and others have been of opinion that it is taken out of some book of Scripture then extant, but now lost, which by no means can be allowed of: the generality of interpreters, who suppose a particular text of Scripture is referred to, fetch it from Numbers 11:29 but it seems best of all to conclude that the apostle has no regard to any one particular passage of Scripture, in which the following words are expressly had, since no such passage appears; but that his meaning is, the sense of the Scripture everywhere, where it speaks of this matter, is to this purpose: nor does it say this, or any thing else in vain; whatever is written there is to answer some end, as for learning, edification, and comfort, for doctrine, reproof, correction, and instruction in righteousness; neither with respect to what is before suggested, that what is asked in a right manner, and for a right end, shall be given; and that the love of the world, and the love of God, are things incompatible; nor with respect to what follows:

the spirit that dwelleth in us lusteth to envy? that is, the depraved spirit of man, the spirit of an unregenerate man; that as it is prone to every lust, and prompts to every sin, the imagination of the thought of man's heart being evil, and that continually, so it instigates to envy the happiness of others; see Genesis 6:5 or this may be put as a distinct question from the other, "does the spirit that dwelleth in us lust to envy?" that is, the Holy Spirit, who dwells in the hearts of his people, as in his temple: the Ethiopic version reads, "the Holy Spirit": and then the sense is, does he lust to envy? no; he lusts against the flesh and the works of it, and envy among the rest; see Galatians 5:17 but he does not lust to it, or provoke to it, or put persons upon it; nor does he, as the Arabic version renders it, "desire that we should envy"; he is a spirit of grace; he bestows grace and favours upon men; and is so far from envying, or putting others upon envying any benefit enjoyed by men, that he increases them, adds to them, and enlarges them, as follows.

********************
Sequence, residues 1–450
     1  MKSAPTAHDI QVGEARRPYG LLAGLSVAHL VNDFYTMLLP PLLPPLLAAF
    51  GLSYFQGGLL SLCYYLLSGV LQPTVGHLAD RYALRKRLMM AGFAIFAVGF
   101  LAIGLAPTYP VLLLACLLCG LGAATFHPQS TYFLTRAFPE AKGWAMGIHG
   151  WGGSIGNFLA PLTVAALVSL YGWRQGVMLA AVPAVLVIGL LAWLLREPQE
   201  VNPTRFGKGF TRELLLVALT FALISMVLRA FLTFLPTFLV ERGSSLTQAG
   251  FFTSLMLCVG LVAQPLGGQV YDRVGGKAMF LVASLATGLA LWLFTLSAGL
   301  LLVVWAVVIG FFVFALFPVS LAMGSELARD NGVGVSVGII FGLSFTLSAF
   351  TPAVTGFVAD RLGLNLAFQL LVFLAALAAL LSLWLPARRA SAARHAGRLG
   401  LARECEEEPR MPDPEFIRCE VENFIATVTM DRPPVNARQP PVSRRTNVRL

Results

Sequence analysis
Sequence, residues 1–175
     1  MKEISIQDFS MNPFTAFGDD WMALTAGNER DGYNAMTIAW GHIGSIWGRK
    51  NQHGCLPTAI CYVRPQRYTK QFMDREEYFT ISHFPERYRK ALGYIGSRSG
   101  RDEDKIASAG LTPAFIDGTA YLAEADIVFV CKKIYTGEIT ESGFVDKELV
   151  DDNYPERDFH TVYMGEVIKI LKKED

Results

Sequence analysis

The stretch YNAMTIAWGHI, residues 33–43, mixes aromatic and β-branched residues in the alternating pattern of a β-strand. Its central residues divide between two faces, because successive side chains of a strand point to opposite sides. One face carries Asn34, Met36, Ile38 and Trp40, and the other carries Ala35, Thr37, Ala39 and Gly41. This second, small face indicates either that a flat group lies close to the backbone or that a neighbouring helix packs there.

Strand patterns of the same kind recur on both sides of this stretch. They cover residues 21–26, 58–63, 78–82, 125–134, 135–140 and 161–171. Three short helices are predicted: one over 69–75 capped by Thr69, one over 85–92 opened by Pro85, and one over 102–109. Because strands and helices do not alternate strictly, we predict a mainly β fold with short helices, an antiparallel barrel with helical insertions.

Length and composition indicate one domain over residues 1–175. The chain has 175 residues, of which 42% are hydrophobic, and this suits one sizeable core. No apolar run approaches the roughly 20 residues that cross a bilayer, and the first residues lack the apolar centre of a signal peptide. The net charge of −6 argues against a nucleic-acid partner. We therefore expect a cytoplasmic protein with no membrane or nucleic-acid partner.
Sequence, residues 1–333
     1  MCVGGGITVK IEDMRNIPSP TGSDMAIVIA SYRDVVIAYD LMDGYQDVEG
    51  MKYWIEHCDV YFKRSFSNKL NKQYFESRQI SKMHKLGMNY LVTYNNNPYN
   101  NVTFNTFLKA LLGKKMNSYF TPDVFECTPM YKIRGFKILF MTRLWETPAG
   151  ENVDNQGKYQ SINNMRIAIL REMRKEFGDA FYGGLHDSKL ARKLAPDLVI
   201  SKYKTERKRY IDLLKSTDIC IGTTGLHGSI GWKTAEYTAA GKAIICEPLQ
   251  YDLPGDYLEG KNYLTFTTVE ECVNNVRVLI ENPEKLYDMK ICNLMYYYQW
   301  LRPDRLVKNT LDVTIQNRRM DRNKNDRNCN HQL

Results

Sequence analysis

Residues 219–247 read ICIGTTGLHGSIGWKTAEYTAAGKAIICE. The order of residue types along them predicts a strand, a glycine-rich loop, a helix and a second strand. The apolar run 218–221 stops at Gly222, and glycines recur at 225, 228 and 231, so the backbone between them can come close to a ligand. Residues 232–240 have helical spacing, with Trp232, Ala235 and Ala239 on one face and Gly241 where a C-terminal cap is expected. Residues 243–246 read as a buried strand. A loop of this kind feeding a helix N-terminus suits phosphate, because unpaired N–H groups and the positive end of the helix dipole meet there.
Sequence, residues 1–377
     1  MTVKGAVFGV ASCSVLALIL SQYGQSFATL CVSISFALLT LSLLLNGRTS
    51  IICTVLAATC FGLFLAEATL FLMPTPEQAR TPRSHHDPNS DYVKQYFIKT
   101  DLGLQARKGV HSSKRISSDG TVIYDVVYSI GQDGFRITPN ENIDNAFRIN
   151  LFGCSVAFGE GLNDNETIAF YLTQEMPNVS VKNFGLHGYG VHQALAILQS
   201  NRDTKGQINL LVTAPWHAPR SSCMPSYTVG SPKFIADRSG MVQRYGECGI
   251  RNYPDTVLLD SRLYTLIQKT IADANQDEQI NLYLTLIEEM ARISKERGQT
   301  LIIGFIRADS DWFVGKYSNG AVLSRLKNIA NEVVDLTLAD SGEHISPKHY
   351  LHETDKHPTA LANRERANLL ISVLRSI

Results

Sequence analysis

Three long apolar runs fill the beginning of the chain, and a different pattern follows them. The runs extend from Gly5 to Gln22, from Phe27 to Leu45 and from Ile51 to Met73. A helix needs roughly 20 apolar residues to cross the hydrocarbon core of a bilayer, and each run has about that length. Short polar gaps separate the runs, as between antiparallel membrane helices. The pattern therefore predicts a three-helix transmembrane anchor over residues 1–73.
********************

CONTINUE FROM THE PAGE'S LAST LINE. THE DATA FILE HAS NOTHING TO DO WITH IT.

{4} Do ye think that the scripture saith in vain, The spirit that dwelleth in us lusteth to envy?

(4) The taking away of an objection: in deed our minds run headlong into these vices, but we ought so much the more diligently take heed of them: whose care and study shall not be in vain, seeing that God resists the stubborn and gives the grace to the modest and humble that surmounts all those vices.

Jam 4:5-6. The views of expositors differ widely in the interpretation of these verses. At first sight the words following λέγει appear to be a quotation from the O. T. which James has in view. That of the older and some of the more recent expositors assume this to be the case, although they differ from each other, some combining πρὸς φθόνον directly with λέγει, but others including it in the quotation Against this explanation, however, is the circumstance that the words supposed to be here quoted nowhere occur in the O. T. Such a passage has accordingly been sought for, where a similar thought is expressed, but almost every expositor has fixed upon a different passage. Many expositors seek to remove the difficulty by supposing that James does not here quote any single definite passage, but only a sentiment contained in the O. T. generally, or in several of its expressions. Opposed to this idea, however, is, first, the uncertainty whether James will confirm by it the statement contained in what precedes or in what follows; and secondly, the formula of quotation pointing to a definite passage, particularly as λέγει is not = λαλεῖ. But, moreover, the clause μείζονα δὲ δίδωσιν χάριν is against the view here indicated, since these words cannot be reckoned as part of the quotation, because James only afterwards quotes the O. T. passage from which they are derived; but, also, they cannot be considered as a statement of James not belonging to the quotation, because δέ closely connects them to what directly precedes.


The various O. T. passages which have been conjectured are as follows:

Genesis 4:7 (Rauch); Genesis 6:3; Genesis 6:5 (Grotius); Genesis 8:21 (Beza, Ernest Schmid); Numbers 11:29 (Witsius); Psalm 37:1; Psalm 73:3 (Lange); Psalm 119:20 ff. (Clericus); Proverbs 21:10 (Michaelis); Song of Solomon 8:6 (Coccejus); from the Apocrypha Wis 6:12 (Wetstein), and others. Benson supposes that James has in view the N. T. passage, Matthew 6:24; Stäudlin, that he has in view that passage and also Galatians 5:17; Storr, the latter passage only; and Bengel, 1 Peter 2:1 ff. Semler thinks that the passage is here cited from the “Testimony of the Twelve Patriarchs;” and Gabler, that the words are borrowed from a lost prophetical book. In recent times, Engelhardt (Remarks on Jam 4:5-6, in the Ztschr. f. d. Luth. Theol., by Delitzsch and Guericke, 1869, Part II.) has expressed the opinion that Isaiah 63:8-11, Psalm 132:12-13, and Hosea 1:2; Hosea 1:1-5, form the groundwork of these words of James. Wolf, Heinsius, and Zachariae refer the words to the thoughts contained in what follows; Theile, de Wette, Brückner (also first edition of this commentary), to the thoughts contained in what precedes—that the friendship of the world is enmity with God.